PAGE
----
The PLA Air Force is now the third-largest in the world, with more than 2,500 aircraft and about 2,000 combat aircraft, most of which are third- and fourth-generation warplanes, comparable to Western air forces. China is only the second country in the world to have developed a fifth-generation stealth fighter, the J-20.
In 1991, the best planes in the PLA Air Force were the J-7 – developed from a 1950s’s MiG-21 – and the domestically developed J-8, both of which were second-generation. The US aircraft involved in the Gulf War were mostly fourth-generation F15s, F-16s and F/A-18s, while the military decided Lockheed Martin’s prototype Y-22 would become the world’s first fifth-generation stealth fighter – the F-22.
The PLA Rocket Force has more than 1,250 ground-launched ballistic and cruise missiles with ranges from 500km (310 miles) to 5,500km, which the US almost did not have due to the Intermediate-Range Nuclear Forces Treaty. The Rocket Force has greatly upgraded and expanded its nuclear-capable intercontinental ballistic missile inventory in the past 30 years and now leads the world in the deployment of hypersonic glide missiles with its DF-17.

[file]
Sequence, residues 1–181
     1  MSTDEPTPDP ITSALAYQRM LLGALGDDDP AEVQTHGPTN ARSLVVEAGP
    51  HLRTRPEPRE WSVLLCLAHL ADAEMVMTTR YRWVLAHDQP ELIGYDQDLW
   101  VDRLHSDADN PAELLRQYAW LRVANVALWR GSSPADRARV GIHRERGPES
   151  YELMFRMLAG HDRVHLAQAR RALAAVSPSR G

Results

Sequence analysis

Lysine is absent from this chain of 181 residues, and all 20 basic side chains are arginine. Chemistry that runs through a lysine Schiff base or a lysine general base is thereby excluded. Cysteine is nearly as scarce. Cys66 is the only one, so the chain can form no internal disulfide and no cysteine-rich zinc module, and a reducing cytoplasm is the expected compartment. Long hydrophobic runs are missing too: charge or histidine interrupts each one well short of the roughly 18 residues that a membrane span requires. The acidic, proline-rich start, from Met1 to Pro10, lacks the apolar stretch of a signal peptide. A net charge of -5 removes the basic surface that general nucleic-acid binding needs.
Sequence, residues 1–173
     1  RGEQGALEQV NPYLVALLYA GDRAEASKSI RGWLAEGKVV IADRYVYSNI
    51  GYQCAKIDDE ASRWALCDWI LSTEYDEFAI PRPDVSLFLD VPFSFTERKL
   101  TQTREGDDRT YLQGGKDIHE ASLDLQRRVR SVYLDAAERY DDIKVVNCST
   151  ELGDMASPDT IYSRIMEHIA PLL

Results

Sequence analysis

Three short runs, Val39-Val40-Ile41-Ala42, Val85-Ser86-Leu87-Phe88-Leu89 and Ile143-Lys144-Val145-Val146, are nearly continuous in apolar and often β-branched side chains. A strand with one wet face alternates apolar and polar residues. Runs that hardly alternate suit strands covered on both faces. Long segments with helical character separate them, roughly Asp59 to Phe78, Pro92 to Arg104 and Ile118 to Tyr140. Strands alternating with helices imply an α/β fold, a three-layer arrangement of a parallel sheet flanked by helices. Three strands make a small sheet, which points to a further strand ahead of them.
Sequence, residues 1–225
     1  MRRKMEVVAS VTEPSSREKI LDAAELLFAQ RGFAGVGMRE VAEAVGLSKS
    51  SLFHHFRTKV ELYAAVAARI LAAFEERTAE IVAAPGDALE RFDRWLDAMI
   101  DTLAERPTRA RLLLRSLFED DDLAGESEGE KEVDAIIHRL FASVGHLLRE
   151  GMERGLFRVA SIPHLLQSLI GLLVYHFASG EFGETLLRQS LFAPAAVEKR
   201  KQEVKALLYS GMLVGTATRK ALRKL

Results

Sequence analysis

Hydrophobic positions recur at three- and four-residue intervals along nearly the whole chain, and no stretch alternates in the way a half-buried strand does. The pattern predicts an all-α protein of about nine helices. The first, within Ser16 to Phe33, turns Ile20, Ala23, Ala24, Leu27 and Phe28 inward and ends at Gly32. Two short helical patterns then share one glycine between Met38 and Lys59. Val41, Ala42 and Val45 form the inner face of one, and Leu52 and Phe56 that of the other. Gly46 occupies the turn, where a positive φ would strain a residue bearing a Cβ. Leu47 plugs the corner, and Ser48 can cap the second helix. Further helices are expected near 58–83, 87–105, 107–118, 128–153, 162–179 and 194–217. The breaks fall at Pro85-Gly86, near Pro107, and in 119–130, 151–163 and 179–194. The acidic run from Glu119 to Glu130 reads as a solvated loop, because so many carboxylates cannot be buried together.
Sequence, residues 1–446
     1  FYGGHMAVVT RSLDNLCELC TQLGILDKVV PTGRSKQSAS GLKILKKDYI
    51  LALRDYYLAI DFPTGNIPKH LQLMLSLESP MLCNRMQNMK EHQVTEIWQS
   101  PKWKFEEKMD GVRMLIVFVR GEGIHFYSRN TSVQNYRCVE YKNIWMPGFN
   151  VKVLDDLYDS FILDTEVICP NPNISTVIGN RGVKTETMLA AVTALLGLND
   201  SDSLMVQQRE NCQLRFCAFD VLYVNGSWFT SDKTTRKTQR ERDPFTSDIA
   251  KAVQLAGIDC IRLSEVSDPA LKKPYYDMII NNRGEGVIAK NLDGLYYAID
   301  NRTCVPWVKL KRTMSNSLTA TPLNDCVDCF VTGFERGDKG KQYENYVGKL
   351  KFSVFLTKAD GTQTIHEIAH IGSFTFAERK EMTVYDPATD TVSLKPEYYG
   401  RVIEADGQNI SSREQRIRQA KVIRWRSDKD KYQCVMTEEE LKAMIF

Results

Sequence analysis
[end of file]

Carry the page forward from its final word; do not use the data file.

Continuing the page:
“Chinese equipment may not be as good as the Americans in certain specifications, but at least it is of the same generation of development. There is no longer the generational gap there was in the 1990s,” Ni said.
The Gulf War played a very important role in stimulating the progress of China’s military modernisation, Tang said.